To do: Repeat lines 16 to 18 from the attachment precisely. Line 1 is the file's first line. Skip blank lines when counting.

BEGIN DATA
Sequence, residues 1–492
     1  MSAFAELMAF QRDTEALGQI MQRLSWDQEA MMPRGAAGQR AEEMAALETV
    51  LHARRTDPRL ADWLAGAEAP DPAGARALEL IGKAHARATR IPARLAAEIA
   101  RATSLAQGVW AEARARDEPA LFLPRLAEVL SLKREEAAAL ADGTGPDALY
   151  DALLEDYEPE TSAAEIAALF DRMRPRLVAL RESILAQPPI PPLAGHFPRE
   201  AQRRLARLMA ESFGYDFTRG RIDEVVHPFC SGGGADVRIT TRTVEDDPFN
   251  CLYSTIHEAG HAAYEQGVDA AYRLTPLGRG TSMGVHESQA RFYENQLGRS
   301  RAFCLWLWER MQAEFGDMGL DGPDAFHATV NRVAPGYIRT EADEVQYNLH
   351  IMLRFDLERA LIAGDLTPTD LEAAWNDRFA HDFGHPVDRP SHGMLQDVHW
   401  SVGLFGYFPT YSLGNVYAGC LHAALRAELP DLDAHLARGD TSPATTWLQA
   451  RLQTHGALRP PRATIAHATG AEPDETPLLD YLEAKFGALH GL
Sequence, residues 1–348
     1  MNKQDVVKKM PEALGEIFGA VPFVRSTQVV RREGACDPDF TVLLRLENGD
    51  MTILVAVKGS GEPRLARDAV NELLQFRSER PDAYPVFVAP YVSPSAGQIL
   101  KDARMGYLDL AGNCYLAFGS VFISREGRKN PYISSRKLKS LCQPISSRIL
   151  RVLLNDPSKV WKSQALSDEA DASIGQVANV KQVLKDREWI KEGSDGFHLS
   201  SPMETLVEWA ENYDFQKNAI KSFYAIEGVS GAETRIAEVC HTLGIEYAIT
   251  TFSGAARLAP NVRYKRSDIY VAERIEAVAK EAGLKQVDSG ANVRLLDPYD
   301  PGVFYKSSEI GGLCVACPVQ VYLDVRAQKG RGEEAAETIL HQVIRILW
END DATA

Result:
   151  RVLLNDPSKV WKSQALSDEA DASIGQVANV KQVLKDREWI KEGSDGFHLS
   201  SPMETLVEWA ENYDFQKNAI KSFYAIEGVS GAETRIAEVC HTLGIEYAIT
   251  TFSGAARLAP NVRYKRSDIY VAERIEAVAK EAGLKQVDSG ANVRLLDPYD